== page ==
Talk:Russian colonization of the Americas
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Technically Hawaii isn't in the Americas. I might that part, but that is an interesting fact. --Kraftlos 02:22, 5 February 2007 (UTC)
- Hawaii isn't in North America... I think that's what I meant by that previous comment... --Kraftlos (talk) 07:27, 25 February 2008 (UTC)
Took this off the page.
In 1815, Dr. Schäffer, a Russian entrepreneur, went to Kauai and negotiated a treaty of protection with the island's governor Kaumualii, vassal of King Kamehameha I of Hawaii, but the Russian Tsar refused to ratify the treaty. See also Orthodox Church in Hawaii and Russian Fort Elizabeth.
- I have removed Hawaii from this article several times now, but it keeps getting readded. I'm not sure if people are hoping to sidestep the issue in order to expand the article's scope. I'm not opposed to adding Hawaii, but I do believe we should adhere to WP:TITLE when possible. Broader titles, something like Russian colonization of the New World, or the more politically correct Russian colonization of the Western Hemisphere, are more accurate, although these titles are not without their own problems. --22.214.171.124 (talk) 08:59, 18 June 2012 (UTC)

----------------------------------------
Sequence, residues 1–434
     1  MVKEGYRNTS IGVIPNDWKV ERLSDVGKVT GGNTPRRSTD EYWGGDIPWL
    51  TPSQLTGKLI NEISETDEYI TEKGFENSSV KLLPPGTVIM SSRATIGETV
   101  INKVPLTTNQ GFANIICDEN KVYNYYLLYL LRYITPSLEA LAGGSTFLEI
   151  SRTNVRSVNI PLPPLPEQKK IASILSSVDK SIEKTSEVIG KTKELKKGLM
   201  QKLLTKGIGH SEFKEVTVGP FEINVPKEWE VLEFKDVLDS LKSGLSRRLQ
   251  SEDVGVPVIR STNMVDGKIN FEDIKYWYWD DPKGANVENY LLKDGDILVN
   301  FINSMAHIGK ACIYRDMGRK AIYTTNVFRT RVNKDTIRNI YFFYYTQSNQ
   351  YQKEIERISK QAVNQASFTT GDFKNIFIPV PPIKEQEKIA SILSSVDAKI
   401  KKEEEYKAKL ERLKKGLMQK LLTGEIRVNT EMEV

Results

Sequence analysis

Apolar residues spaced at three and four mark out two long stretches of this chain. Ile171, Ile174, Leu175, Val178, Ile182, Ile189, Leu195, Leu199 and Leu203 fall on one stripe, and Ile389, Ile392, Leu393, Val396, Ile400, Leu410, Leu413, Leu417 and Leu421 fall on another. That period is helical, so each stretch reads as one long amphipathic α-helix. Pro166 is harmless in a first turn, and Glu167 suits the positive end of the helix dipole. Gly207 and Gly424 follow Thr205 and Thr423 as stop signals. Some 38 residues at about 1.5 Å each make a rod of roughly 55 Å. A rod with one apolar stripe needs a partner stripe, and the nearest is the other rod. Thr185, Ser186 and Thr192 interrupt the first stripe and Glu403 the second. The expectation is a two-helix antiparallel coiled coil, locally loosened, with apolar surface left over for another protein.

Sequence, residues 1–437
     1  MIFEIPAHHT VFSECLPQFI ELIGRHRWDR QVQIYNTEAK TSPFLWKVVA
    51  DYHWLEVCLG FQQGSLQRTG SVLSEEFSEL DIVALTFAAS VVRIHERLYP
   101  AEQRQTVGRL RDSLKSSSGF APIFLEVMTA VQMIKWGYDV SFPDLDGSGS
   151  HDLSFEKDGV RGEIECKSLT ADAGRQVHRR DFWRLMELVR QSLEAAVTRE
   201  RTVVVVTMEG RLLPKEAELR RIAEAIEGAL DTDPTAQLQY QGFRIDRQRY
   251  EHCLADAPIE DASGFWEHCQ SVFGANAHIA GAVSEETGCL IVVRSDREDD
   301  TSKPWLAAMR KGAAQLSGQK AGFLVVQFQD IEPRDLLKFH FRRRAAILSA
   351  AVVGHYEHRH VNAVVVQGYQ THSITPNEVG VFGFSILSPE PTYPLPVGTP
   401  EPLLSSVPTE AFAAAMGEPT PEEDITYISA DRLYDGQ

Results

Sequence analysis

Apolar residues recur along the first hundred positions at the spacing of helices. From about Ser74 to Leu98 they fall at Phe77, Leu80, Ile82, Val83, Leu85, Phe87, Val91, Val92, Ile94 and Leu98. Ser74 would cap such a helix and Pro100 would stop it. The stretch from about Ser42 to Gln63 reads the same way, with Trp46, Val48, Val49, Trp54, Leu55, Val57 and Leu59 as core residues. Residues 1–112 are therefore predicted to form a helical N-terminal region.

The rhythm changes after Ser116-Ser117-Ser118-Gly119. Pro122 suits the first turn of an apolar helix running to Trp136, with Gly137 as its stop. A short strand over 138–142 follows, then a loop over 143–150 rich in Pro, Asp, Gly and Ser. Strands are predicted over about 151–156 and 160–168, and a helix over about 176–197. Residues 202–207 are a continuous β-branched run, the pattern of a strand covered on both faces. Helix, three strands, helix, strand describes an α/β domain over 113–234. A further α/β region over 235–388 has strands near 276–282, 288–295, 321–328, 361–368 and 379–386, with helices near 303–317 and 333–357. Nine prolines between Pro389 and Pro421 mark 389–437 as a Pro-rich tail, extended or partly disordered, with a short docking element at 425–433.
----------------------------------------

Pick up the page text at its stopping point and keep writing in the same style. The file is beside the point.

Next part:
Russians in Brazil
I took out all of the following, which is not about colonization but about emigration/immigration; a history of the Russian "colony" in Brazil - a settler colony is not "colonization" as usually meant by titles such as this page has - is very valid and deserves its own article; but it has no relation to Russian America or Fort Ross or the Russian imperial presence; if Russians-in-Brazil were here, then the White Russian migration to the US, Canada, Mexico, etc etc plus Ukrainians, Doukhobors, Volga Mennonites and more recent new settlement of ethnic Russians in the Americas also should be; but that's not t he point of this title, no more than Michael Ignatieff is. This was the section I took out, and it's badly in need of references, cleanup/wikification, and its own title:Skookum1 (talk) 04:53, 31 December 2008 (UTC)
Russian resettlement to Brazil